Cat-eLog Right Arrow Mochokidae Right Arrow Mochokinae Right Arrow Synodontis

Jump to next section Cat-eLog Data Sheet
Scientific Name Synodontis rukwaensis  (Hilgendorf & Pappenheim, 1903)
Common Name
Type Locality Lake Rukwa, southwestern Tanzania.
Synonym(s) Synodontis maculipinna, Synodontis wamiensis, Synodontis zambezensis rukwaensis
Pronunciation sin oh don tiss
Etymology According to Cuvier, Synodontis is an "ancient name for an undetermined fish from the Nile". It is apparently not derived, as often reported, from syn-, together and odous, tooth, presumed etymology of the lizardfish genus Synodus and in reference to the closely-spaced lower jaw teeth of both genera. Originating from Lake Rukwa.
Jump to next section Species Information
Size 255mm or 10" SL. Find near, nearer or same sized spp.
Identification All species in the genus Synodontis have a hardened head cap that has attached a process (humeral process) which is situated behind the gill opening and pointed towards the posterior. The dorsal fin and pectoral fins have a hardened first ray which is serrated. Caudal fin is always forked. There is one pair of maxillary barbels, sometimes having membranes and occasionally branched. The two pairs of mandibular barbels are often branched and can have nodes attached. The cone-shaped teeth in the upper jaw are short. S-shaped and movable in the lower jaw. These fish produce audible sounds when disturbed rubbing the base of the pectoral spine against the pectoral girdle.

The humeral process is long and triangular, running up to a pointed tip. The caudal fin is deeply forked. Juveniles have a white-yellowish base colouration with large dark spots or marbling.Irregular whitish bands extend vertically in front of the dorsal and adipose fins and behind the latter. Adults are olive-grey, the base of the dorsal fin is darker, and there may be a few dark spots on the head and body. Sexually active males sometimes have a reddish caudal fin.
Sexing First lay the fish in your hand with its head toward your palm and the tail toward your fingers. Hold the dorsal spine between your middle and ring finger so the fish is belly up and you won't get stuck (Which by the way, hurts like crazy!). The genital pore is in a small furrow of tissue (in healthy fish) and will be obstructed by the pelvic fins. Pull down on the tail gently to arch the fishes spine and the pelvic fins will stand and the furrow open to display the genital pore and the anus of the fish. The male has a somewhat ridged genital papillae on which the spermatoduct is on the back side, facing the tail fin. A gravid female will also show an extended papillae but the oviduct is on the ventral side of the papillae (And may also show a little redness if really gravid). A thin or emaciated female will have just two pink pores, the oviduct and the anus.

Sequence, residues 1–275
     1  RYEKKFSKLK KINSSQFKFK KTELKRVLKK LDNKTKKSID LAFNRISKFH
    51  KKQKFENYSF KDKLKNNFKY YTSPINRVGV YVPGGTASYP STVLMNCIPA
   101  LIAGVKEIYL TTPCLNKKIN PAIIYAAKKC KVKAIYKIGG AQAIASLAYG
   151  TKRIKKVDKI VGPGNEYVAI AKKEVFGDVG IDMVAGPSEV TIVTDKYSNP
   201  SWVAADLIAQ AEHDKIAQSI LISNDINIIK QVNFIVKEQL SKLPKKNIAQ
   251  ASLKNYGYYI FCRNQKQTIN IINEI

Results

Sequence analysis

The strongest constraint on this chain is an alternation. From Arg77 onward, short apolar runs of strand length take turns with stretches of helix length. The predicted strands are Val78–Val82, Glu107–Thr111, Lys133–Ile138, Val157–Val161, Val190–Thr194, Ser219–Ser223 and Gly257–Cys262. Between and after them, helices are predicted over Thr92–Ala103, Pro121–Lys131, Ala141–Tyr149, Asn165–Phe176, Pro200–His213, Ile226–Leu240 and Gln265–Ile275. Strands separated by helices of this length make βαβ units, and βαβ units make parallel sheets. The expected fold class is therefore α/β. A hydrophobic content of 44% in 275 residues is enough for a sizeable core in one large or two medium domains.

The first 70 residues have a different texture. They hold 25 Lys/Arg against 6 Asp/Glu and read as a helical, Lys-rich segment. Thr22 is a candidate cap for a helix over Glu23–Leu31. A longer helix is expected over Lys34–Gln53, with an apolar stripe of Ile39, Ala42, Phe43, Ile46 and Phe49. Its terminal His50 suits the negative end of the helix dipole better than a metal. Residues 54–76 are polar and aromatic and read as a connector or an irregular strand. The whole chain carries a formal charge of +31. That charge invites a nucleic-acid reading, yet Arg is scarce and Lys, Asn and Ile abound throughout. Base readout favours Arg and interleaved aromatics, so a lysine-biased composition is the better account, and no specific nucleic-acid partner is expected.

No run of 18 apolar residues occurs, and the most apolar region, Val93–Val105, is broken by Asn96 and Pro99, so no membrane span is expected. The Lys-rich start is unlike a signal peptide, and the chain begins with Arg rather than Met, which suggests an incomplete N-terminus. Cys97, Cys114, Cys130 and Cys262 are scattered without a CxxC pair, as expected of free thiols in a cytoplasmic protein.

General Remarks These fish prefer large calm waters.
Jump to next section Habitat Information
Distribution Africa, Lake Rukwa drainage, Ugalla subdrainage, Malagarasi system, and theeastward flowing rivers of Tanzania south of the Pangani.
African Waters, Southern Rift Lakes, Rukwa (click on these areas to find other species found there)

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IUCN Red List Status Least Concern
Jump to next section Husbandry Information
Feeding Studies of gut content showed small pieces of weed and vegetable debris, Odonata larvae, chironomid larvae, terrestrial insects, gastropod molluscs, fish scales, zooplankton, phytoplankton, plus some sand and mud. This wide diversity of the diet was confirmed by aquarium observations; the fish take all kinds of foods including flakes and pellets.
Breeding Unreported. In the Ruvu River, an eastward flowing coastal stream, the species seems to spawn in the rainy season and the young migrate into smaller affluents or the adults spawn at those places.
Breeding Reports There is no breeding report.
Jump to next section Further Information
References The Fishes of the Lake Rukwa Drainage,Seegers pg.248.The Catfishes of Africa,Seegers pg.485
Sitzungsberichte der Gesellschaft Naturforschender Freunde zu Berlin 1903 (no. 6)
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Last Update 2009 Dec 14 03:21 (species record created: 2008 Dec 21 04:59)